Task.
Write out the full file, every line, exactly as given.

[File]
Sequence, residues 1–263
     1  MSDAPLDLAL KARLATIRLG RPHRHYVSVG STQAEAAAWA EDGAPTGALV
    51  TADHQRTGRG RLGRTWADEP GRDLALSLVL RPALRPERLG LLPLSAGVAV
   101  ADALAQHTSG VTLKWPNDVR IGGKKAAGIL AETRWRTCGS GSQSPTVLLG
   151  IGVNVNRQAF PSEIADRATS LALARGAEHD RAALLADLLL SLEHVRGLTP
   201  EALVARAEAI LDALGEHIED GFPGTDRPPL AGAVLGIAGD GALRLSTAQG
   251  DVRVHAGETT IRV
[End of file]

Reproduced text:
Sequence, residues 1–263
     1  MSDAPLDLAL KARLATIRLG RPHRHYVSVG STQAEAAAWA EDGAPTGALV
    51  TADHQRTGRG RLGRTWADEP GRDLALSLVL RPALRPERLG LLPLSAGVAV
   101  ADALAQHTSG VTLKWPNDVR IGGKKAAGIL AETRWRTCGS GSQSPTVLLG
   151  IGVNVNRQAF PSEIADRATS LALARGAEHD RAALLADLLL SLEHVRGLTP
   201  EALVARAEAI LDALGEHIED GFPGTDRPPL AGAVLGIAGD GALRLSTAQG
   251  DVRVHAGETT IRV